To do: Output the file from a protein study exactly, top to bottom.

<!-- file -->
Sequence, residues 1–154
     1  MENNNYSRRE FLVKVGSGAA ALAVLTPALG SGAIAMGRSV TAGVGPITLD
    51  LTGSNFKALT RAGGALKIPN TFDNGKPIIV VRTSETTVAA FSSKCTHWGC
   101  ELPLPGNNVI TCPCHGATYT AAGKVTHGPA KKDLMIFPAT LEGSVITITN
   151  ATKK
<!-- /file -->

Sequence, residues 1–154
     1  MENNNYSRRE FLVKVGSGAA ALAVLTPALG SGAIAMGRSV TAGVGPITLD
    51  LTGSNFKALT RAGGALKIPN TFDNGKPIIV VRTSETTVAA FSSKCTHWGC
   101  ELPLPGNNVI TCPCHGATYT AAGKVTHGPA KKDLMIFPAT LEGSVITITN
   151  ATKK